Trudeau shuffles cabinet

By Staff, with files from The Canadian Press | October 26, 2021 | Last updated on October 26, 2021
2 min read
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Prime Minister Justin Trudeau’s cabinet was revealed on Tuesday, with old faces in familiar places and new faces in new places.

As announced in September, Chrystia Freeland remains as deputy prime minister and minister of finance. Randy Boissonnault, one of two Liberal Alberta MPs, has been named associate minister of finance as well as minister of tourism.

Mona Fortier, who previously held the associate minister of finance role, will be president of the Treasury Board.

Diane Lebouthillier remains in her post as minister of national revenue, while Mary Ng remains as minister of international trade, export promotion, small business and economic development.

Outside of finance, Harjit Sajjan is leaving the defence portfolio to take up a new post in international development. Sajjan was heavily criticized for his handling of sexual misconduct allegations in Canada’s military.

Anita Anand, who led the campaign to procure vaccines during the pandemic as public services and procurement minister, will take over as minister of national defence. Prior to becoming an MP, Anand held the J.R. Kimber Chair in Investor Protection and Corporate Governance with the University of Toronto Faculty of Law.

Heritage Minister Steven Guilbeault is taking over environment from Jonathan Wilkinson, who is moving to natural resources.

Business and labour groups are urging the new federal cabinet to get to work on priority economic issues like the skilled labour shortage, supply chain issues, fixing employment insurance and ensuring an equitable recovery.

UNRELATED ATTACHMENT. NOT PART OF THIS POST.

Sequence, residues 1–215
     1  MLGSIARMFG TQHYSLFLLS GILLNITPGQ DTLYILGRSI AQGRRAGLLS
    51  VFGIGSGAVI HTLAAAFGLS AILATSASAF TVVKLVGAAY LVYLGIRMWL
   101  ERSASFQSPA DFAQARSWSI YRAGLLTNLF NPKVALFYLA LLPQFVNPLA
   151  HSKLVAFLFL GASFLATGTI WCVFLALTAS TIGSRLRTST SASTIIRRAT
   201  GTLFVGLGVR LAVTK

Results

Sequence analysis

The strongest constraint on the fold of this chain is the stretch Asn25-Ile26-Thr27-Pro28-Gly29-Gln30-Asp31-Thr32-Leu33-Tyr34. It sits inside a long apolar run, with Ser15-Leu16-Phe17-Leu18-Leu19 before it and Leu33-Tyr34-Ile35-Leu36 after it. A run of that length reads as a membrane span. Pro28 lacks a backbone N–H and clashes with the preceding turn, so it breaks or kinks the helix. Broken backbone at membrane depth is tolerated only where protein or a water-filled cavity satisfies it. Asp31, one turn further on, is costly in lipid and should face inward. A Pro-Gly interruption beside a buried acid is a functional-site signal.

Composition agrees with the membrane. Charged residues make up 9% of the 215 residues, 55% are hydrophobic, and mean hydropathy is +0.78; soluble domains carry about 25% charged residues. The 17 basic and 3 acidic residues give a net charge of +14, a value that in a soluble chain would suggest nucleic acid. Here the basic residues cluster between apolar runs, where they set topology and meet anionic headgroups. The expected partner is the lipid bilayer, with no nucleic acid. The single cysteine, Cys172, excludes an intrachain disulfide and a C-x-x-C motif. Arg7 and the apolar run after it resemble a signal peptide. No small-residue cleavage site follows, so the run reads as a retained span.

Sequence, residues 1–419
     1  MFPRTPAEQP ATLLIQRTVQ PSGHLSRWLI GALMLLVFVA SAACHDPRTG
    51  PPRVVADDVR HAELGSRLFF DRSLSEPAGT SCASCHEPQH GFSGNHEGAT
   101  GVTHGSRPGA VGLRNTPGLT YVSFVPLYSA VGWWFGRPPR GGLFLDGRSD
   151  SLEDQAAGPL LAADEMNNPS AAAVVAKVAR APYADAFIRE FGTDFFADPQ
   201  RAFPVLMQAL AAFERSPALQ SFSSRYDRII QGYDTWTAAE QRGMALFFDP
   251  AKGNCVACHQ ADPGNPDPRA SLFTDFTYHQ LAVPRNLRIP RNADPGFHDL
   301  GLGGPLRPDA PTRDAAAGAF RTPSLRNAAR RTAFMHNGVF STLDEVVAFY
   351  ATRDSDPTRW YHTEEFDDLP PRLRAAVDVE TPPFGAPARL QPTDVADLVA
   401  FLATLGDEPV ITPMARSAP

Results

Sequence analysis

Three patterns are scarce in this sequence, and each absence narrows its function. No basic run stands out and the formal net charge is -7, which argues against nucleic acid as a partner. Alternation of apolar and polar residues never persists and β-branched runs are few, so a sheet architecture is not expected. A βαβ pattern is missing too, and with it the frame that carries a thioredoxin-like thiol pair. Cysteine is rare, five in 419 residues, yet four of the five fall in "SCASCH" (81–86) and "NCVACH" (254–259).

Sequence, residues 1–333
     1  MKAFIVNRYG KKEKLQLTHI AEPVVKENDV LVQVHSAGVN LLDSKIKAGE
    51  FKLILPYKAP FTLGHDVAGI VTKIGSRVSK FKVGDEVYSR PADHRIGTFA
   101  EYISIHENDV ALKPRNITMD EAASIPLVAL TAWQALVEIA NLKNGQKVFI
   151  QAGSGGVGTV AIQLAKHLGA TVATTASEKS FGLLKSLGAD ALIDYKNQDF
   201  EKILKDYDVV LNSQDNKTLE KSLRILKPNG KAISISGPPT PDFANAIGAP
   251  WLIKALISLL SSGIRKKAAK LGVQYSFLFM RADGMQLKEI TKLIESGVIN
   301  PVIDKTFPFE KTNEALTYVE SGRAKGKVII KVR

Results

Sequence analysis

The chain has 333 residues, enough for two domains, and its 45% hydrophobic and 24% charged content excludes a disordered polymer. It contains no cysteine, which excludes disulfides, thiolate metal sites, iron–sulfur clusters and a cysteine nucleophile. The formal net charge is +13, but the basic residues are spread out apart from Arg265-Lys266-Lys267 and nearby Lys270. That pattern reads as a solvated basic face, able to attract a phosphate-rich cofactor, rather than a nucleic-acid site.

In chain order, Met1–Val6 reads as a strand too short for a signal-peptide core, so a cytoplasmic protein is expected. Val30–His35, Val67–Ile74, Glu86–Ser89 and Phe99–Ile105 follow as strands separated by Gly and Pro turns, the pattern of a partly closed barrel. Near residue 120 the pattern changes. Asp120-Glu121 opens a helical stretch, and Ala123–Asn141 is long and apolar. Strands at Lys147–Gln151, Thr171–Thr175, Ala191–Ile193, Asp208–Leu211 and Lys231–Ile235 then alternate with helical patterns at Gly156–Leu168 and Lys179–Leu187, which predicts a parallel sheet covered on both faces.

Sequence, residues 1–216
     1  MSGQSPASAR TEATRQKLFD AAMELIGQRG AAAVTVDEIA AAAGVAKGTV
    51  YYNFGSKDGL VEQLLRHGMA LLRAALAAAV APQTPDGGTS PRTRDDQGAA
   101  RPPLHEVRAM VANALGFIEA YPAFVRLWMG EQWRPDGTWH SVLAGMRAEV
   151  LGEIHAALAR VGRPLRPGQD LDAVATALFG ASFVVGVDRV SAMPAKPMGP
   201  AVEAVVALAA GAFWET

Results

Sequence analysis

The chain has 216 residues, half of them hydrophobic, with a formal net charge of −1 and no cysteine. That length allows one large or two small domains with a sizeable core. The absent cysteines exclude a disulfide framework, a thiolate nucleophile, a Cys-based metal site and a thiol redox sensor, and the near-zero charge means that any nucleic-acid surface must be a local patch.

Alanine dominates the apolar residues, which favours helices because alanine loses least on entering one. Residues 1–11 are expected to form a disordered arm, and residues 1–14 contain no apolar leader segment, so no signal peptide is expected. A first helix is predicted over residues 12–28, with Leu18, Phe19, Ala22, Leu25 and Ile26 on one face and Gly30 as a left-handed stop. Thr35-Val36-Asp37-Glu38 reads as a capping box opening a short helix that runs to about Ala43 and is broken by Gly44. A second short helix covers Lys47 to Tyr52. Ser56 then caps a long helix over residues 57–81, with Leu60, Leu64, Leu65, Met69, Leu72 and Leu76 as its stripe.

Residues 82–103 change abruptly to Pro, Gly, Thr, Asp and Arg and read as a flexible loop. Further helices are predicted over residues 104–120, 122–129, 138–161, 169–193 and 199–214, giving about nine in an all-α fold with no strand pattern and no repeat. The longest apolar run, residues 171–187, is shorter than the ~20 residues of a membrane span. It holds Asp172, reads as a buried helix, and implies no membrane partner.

Robert Asselin, senior vice-president of policy at the Business Council of Canada, said given the challenges, he found it wasn’t obvious that the economy was front and centre as the new cabinet was rolled out.

He says labour shortages were a key area of concern for Canadian executives and that it will require co-ordination across the government to ensure there’s enough skilled people in the right industries.

Bea Bruske, president of the Canadian Labour Congress, said in a statement that the government must prioritize an equitable recovery as women have been disproportionally impacted by the economic crisis that came with the pandemic.

Rebekah Young, director of fiscal and provincial economics at Scotiabank, said Freeland holding her post creates a level of consistency on economic policy, but that the minister signalled last week that the government’s Covid-19 support strategy was shifting to become more targeted.

Parliament will be recalled on Nov. 22 — just over two months after the snap election that returned the Liberals with a second consecutive minority.

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Staff, with files from The Canadian Press

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